I have considered selling other people’s items as well as my own, sort of a consignment model. The consigner would take a percentage and choose which charity the proceeds from the sale of their items would support. For instance, if your grandmother died of ovarian cancer and you wanted to donate or sell her designer clothes through BunnyJack, we would find a small grassroots organization supporting ovarian cancer research or helping patients, or we might even find someone suffering from the disease to give to directly. I like the idea but I don’t really know how to make it happen.

I’ve been blessed with the means to start this company. I’ll probably lose everything I have, but I’m willing to risk it if it means I can touch people’s lives.

AWT: You were a successful creative director in Switzerland, but you didn’t have any business experience before setting up BunnyJack. What has it been like to learn as you go? What are some of the challenges you’ve faced and how have you overcome them?

Maryana Bilski: The journey has taught me a lot about myself, and that we need more awareness about how everyone can contribute towards the betterment of all people.

One problem is how to realize all my ideas when I don’t have much help. When I started out I had four to five young people helping me, but none of them knew more about business than I did, which was scary! I thought it was an opportunity to plant the seeds and then see them grow, but it just didn’t happen that way. Now I only have two people helping me, but one is out on maternity leave so it’s just me and a photographer for the moment.

One of the best things I’ve done for the businesses is getting on [an online marketplace for art and antiques], which just recently started including fashion. It’s great for me because it enables me to access a much larger market than I could develop on my own.

Anything on the digital side has been especially challenging for me because I don’t understand it. When my computer freezes, my instinct is to pick it up and shake it [laughs]. Social media is also so hard for me to navigate because I get turned off by the fakeness of it—most images are digitally manipulated, and feeds aren’t real, they’re curated. Now I’m finally working with an agency that wants to focus on telling my story. I think the only way the business may work is if people hear my message about doing good out there.

“I didn’t grow up in a privileged way. I was one of six kids and my single mother struggled to raise us.”

AWT: I get the impression that caring for others has long been part of your personal ethos. How did your consciousness of other’s suffering and your desire to help them develop?

Maryana Bilski: Since I was a child, I’ve always felt in my heart that I wanted to better the world. I give to whomever I encounter in my daily life. For example, I’ll buy books for a young college student who can’t afford them or I’ll pay for someone’s MetroCard so they can get to and from work. But it’s not just about money. How many of us walk past the people cleaning the streets and don’t stop to say “Thank you” or “Good morning”? Most of us just walk past them staring at our phones and don’t even acknowledge them.

I’ve experienced all kinds of realities. I didn’t grow up in a privileged way. I was one of six kids and my single mother struggled to raise us. It was not until I met my partner that I led a very privileged life. He was very well off financially, but never arrogant. I was very fortunate to be with him for 14 years. That’s why I feel the need to extend my privilege to others. I have basic necessities that others don’t and that makes me upset.

I don’t judge people and I don’t want to tell anyone how they should be, I just want to show them that we all have potential for goodness within us. We all have the innate ability to be compassionate, but sometimes it gets buried.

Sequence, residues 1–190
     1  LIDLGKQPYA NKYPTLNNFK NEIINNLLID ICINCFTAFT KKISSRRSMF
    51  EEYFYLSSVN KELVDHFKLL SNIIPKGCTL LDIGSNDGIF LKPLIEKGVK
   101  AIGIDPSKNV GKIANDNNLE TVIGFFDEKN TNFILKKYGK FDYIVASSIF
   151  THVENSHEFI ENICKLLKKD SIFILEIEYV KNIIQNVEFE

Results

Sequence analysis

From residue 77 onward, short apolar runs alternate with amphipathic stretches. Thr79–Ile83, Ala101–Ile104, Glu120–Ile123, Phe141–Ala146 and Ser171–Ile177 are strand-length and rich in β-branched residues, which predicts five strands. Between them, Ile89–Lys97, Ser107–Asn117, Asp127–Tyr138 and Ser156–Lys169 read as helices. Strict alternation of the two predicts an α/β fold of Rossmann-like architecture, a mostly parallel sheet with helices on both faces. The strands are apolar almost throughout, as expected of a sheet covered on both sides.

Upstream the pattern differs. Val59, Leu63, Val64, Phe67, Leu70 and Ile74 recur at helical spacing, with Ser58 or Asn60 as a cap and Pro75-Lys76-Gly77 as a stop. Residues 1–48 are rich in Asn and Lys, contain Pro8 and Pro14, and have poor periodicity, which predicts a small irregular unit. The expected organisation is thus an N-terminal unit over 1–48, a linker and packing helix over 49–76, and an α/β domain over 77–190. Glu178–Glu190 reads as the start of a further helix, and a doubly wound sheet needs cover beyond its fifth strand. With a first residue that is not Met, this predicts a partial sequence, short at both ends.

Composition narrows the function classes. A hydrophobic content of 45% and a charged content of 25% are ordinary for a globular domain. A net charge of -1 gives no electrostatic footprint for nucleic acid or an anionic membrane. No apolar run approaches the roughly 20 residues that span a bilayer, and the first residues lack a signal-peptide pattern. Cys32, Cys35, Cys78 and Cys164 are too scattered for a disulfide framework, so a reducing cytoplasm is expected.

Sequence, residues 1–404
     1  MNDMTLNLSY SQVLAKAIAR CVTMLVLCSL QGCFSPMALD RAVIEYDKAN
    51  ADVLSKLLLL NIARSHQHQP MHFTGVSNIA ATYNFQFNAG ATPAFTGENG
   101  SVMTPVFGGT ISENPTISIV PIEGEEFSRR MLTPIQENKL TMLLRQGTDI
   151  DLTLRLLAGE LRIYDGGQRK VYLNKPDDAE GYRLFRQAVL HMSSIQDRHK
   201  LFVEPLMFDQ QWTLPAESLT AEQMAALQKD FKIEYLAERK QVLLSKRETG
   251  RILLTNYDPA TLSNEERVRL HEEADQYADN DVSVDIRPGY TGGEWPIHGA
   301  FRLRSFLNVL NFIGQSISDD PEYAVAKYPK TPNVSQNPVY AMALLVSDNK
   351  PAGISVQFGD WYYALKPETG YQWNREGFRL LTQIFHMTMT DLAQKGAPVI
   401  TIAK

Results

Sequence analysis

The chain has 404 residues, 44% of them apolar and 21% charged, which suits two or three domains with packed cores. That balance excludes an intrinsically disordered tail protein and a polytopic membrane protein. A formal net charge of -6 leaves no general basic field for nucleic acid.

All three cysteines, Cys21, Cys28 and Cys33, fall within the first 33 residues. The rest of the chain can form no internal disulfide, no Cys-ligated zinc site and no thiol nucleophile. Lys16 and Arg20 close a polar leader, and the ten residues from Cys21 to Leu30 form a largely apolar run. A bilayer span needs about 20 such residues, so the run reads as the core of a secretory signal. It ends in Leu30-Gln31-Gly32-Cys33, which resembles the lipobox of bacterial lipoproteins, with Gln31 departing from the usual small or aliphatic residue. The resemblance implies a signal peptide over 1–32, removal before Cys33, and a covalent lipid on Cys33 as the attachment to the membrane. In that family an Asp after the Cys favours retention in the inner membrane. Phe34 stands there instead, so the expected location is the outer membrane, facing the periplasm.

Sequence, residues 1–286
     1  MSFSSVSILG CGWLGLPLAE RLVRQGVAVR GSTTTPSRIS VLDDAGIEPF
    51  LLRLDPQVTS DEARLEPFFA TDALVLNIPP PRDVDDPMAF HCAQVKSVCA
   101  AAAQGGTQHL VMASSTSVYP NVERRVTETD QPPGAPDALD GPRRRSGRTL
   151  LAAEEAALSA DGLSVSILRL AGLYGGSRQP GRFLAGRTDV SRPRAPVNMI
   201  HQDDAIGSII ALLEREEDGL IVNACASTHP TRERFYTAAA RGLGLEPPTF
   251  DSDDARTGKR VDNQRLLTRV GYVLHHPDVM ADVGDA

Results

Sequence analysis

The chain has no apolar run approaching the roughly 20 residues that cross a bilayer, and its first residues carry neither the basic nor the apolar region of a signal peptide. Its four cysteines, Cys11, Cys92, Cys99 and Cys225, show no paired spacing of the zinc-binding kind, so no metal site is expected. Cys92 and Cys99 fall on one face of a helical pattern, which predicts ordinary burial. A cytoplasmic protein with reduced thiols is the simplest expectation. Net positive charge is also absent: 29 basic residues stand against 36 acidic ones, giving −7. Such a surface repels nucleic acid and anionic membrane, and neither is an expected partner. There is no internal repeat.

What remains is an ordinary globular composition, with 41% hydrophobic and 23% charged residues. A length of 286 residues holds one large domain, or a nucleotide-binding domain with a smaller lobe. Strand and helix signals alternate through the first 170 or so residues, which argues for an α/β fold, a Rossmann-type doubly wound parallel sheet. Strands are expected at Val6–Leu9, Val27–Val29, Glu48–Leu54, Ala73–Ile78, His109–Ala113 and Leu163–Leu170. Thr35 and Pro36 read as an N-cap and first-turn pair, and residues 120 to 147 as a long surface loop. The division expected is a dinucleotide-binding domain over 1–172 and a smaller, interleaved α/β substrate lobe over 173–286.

“So much of the truth of our world is buried under lies and corruption, so why shouldn’t many more of us discover ways to be authentic?”

AWT: You’ve mentioned the world shifting. How do you feel about the direction it’s taking?

Maryana Bilski: Recently I wrote a little blog post on Martin Luther King Jr., whom I admire so much. He came before the world was ready to hear his message about equality and was willing to fight and die for what he believed in. Today, once again we are starting to segregate ourselves again along the lines of wealth, skin color, political persuasions or whatever instead of breaking down the barriers between us and learning from one another.

That’s why I am an anti-feminist feminist. I believe we should take down the barriers that separate us. And I believe in our innate qualities as women. We are natural caregivers. We are carriers of life. These things I believe are our strongest attributes and they’re being silenced in a way.

No society will change until all women join hands and say enough is enough. We need to hold hands with people even if we don’t agree with them. And that’s not going to happen until we break down the barriers that keep us apart, including feminism.

AWT: The fashion industry has been criticized for exploiting the garment workers in developing countries. Fast fashion retailers are among the worst offenders, but some luxury brands don’t have the best records either. As a consumer, do you pay attention to where things are made?

Maryana Bilski: There’s absolutely nothing okay about manufacturing in countries that don’t respect human rights. I’m not trying to discredit anyone, but American designers should not produce their collections in Third World countries. They make the argument that they are giving jobs to people who would otherwise have nothing, but typically the factory owner cuts as many corners as possible to increase his own profits, so he hires children whom he can easily exploit. Sometimes they are strapped to machines working 12 to 14 hours a day to make the things that we see in the shops here. I know, I’ve toured those factories.

We have to be more conscious about our choices on a global scale. The problem is the lack of options that are affordable and ethical.

AWT: Would you care to offer any parting thoughts?

Maryana Bilski: So much of the truth of our world is buried under lies and corruption, so why shouldn’t many more of us discover ways to be authentic? Start with simple actions of care, because money is not the only answer; compassion, comfort, truth, kind words, actions, and love will change this world.

Maryana Bilski's office Photography by Tatum Mangus
Photography by Tatum Mangus

This interview originally appeared in the Money issue. Find more inspiring stories from the Money issue here or read How Women Are Leading the Sustainable Fashion Movement.